Cyclosporine and ketoconazole for the treatment of perianal fistulas in dogs

Alison J. Patricelli Department of Surgical Sciences, School of Veterinary Medicine, University of Wisconsin-Madison, Madison, WI 53762.
Present address is VCA Veterinary Care Animal Hospital, 9901 Montgomery Blvd, Albuquerque, NM 87111.

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Robert J. Hardie Department of Surgical Sciences, School of Veterinary Medicine, University of Wisconsin-Madison, Madison, WI 53762.

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Jonathan F. McAnulty Department of Surgical Sciences, School of Veterinary Medicine, University of Wisconsin-Madison, Madison, WI 53762.

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 DVM, PhD

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Abstract

Objective—To evaluate efficacy and cost of using cyclosporine and ketoconazole for the treatment of perianal fistulas in dogs.

Design—Clinical trial.

Animals—12 dogs with perianal fistulas.

Procedure—Dogs received cyclosporine and ketoconazole orally (target whole blood trough cyclosporine concentrations of 400 to 600 ng/ml). Study endpoints were resolution of clinical signs, remission, and recurrence of disease. Adverse effects and cost of medications were reported. Results were compared with those from previous studies in humans and in dogs in which single agent cyclosporine treatment for perianal fistulas was used.

Results—All dogs had resolution of clinical signs. Eight dogs went into remission; however, 5 of those 8 had recurrence of fistulas. Adverse effects of treatment were minimal and well tolerated. Cost of treatment was comparable to traditional surgical options and less than single agent cyclosporine treatment.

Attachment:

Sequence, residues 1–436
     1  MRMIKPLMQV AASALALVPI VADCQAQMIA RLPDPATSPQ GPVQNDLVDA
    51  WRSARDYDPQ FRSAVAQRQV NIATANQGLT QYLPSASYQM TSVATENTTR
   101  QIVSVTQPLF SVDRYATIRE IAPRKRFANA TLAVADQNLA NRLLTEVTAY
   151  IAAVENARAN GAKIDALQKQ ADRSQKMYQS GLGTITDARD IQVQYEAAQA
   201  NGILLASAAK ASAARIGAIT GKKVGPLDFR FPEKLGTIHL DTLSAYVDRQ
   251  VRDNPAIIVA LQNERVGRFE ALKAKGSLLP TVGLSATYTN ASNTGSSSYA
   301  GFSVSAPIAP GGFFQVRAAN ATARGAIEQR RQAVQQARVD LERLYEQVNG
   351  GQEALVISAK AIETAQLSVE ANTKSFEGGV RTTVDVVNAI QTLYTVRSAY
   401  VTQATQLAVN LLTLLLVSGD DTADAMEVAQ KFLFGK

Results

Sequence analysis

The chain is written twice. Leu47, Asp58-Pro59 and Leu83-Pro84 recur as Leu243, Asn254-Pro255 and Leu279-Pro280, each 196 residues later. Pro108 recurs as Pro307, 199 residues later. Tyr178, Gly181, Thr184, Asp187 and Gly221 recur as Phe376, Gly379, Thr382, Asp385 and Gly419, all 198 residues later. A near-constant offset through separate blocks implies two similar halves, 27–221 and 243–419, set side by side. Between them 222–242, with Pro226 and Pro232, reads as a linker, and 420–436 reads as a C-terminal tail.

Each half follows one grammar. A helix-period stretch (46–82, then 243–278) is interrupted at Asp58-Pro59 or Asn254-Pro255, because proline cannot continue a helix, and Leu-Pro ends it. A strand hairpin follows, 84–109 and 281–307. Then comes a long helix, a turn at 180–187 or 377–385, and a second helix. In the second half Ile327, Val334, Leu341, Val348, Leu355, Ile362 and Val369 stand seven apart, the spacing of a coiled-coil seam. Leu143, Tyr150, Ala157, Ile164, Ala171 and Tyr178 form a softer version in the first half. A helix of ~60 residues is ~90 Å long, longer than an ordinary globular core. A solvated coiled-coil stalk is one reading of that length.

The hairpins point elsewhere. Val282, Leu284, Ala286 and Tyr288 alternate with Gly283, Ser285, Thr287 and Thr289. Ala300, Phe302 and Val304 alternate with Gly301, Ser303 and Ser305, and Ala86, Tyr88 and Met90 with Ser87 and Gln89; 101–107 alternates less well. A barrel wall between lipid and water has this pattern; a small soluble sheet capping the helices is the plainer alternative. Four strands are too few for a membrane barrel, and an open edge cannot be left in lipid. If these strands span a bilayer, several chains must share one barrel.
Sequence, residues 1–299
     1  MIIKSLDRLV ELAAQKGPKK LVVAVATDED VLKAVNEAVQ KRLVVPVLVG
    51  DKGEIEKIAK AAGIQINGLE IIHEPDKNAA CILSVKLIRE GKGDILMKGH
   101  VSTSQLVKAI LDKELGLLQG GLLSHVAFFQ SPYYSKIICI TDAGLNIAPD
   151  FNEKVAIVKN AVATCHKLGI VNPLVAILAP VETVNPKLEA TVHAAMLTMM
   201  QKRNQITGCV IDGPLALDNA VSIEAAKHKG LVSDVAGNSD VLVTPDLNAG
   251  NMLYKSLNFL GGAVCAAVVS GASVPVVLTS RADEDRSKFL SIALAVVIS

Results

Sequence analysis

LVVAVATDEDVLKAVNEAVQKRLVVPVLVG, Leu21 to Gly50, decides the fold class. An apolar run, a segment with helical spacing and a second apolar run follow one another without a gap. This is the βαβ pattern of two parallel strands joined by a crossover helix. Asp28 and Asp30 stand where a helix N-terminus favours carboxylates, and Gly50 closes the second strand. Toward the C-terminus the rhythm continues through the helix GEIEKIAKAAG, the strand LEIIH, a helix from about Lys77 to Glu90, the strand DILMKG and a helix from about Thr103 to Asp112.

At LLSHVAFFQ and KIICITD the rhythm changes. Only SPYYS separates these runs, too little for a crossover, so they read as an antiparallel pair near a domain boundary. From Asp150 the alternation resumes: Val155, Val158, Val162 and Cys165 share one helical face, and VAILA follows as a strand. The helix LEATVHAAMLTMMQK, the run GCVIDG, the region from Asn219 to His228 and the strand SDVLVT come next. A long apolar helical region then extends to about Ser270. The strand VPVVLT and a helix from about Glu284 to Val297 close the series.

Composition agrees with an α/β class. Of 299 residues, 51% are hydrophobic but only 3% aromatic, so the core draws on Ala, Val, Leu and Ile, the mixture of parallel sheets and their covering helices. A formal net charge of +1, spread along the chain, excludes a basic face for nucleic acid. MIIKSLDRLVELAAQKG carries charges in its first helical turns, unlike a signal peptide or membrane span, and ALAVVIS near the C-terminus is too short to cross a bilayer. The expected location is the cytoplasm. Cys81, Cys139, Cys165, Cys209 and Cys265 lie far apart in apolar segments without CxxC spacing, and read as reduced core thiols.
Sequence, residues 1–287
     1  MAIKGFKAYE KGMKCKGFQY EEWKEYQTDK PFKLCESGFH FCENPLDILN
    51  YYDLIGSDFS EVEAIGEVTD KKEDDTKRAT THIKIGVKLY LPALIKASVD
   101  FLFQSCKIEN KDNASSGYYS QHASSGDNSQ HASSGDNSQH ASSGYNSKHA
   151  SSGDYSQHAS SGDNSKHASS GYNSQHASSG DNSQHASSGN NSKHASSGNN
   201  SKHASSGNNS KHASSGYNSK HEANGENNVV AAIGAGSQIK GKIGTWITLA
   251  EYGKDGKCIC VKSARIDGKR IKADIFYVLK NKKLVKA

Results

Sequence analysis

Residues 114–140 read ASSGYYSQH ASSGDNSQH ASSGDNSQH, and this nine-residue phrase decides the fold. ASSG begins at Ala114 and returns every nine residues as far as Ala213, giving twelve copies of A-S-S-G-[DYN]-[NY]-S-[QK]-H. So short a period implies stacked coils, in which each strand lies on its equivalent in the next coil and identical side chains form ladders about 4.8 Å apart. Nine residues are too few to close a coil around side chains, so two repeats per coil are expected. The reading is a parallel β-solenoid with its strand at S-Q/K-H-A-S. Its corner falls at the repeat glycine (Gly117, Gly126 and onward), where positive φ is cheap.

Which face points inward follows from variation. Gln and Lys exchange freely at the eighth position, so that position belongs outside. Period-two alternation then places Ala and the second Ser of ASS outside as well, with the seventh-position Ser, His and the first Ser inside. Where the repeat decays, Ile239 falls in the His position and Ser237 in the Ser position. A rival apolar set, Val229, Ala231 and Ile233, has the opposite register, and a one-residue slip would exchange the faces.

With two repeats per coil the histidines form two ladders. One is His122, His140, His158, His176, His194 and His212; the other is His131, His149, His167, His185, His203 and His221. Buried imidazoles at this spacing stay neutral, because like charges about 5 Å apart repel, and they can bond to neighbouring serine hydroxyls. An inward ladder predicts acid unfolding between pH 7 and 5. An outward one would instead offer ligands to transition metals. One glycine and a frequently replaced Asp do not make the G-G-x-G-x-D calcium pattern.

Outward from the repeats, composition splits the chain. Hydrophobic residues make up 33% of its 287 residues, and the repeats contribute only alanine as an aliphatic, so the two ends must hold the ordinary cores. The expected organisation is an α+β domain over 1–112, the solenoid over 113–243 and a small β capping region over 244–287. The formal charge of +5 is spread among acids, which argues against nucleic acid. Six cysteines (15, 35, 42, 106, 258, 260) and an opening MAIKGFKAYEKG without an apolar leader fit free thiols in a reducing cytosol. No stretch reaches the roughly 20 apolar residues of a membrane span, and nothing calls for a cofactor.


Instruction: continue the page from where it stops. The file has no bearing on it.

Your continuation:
Conclusions and Clinical Relevance—Administration of cyclosporine with ketoconazole is an effective and cost-comparable treatment for perianal fistulas in dogs. (J Am Vet Med Assoc 2002;220:1009–1016)

Abstract

Objective—To evaluate efficacy and cost of using cyclosporine and ketoconazole for the treatment of perianal fistulas in dogs.

Design—Clinical trial.

Animals—12 dogs with perianal fistulas.

Procedure—Dogs received cyclosporine and ketoconazole orally (target whole blood trough cyclosporine concentrations of 400 to 600 ng/ml). Study endpoints were resolution of clinical signs, remission, and recurrence of disease. Adverse effects and cost of medications were reported. Results were compared with those from previous studies in humans and in dogs in which single agent cyclosporine treatment for perianal fistulas was used.

Results—All dogs had resolution of clinical signs. Eight dogs went into remission; however, 5 of those 8 had recurrence of fistulas. Adverse effects of treatment were minimal and well tolerated. Cost of treatment was comparable to traditional surgical options and less than single agent cyclosporine treatment.

Conclusions and Clinical Relevance—Administration of cyclosporine with ketoconazole is an effective and cost-comparable treatment for perianal fistulas in dogs. (J Am Vet Med Assoc 2002;220:1009–1016)

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